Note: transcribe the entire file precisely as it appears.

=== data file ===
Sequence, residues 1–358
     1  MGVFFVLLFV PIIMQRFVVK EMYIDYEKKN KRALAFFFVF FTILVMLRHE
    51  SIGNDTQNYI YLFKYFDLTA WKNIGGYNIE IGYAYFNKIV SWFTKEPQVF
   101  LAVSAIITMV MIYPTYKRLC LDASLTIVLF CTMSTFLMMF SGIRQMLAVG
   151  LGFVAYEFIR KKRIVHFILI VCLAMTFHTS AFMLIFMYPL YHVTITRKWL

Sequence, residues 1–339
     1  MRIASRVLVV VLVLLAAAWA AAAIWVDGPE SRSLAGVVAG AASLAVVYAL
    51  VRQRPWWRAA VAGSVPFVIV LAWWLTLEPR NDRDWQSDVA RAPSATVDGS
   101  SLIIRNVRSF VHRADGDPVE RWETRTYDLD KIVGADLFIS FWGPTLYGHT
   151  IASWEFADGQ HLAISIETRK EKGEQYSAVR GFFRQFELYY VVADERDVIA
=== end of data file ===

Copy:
Sequence, residues 1–358
     1  MGVFFVLLFV PIIMQRFVVK EMYIDYEKKN KRALAFFFVF FTILVMLRHE
    51  SIGNDTQNYI YLFKYFDLTA WKNIGGYNIE IGYAYFNKIV SWFTKEPQVF
   101  LAVSAIITMV MIYPTYKRLC LDASLTIVLF CTMSTFLMMF SGIRQMLAVG
   151  LGFVAYEFIR KKRIVHFILI VCLAMTFHTS AFMLIFMYPL YHVTITRKWL

Sequence, residues 1–339
     1  MRIASRVLVV VLVLLAAAWA AAAIWVDGPE SRSLAGVVAG AASLAVVYAL
    51  VRQRPWWRAA VAGSVPFVIV LAWWLTLEPR NDRDWQSDVA RAPSATVDGS
   101  SLIIRNVRSF VHRADGDPVE RWETRTYDLD KIVGADLFIS FWGPTLYGHT
   151  IASWEFADGQ HLAISIETRK EKGEQYSAVR GFFRQFELYY VVADERDVIA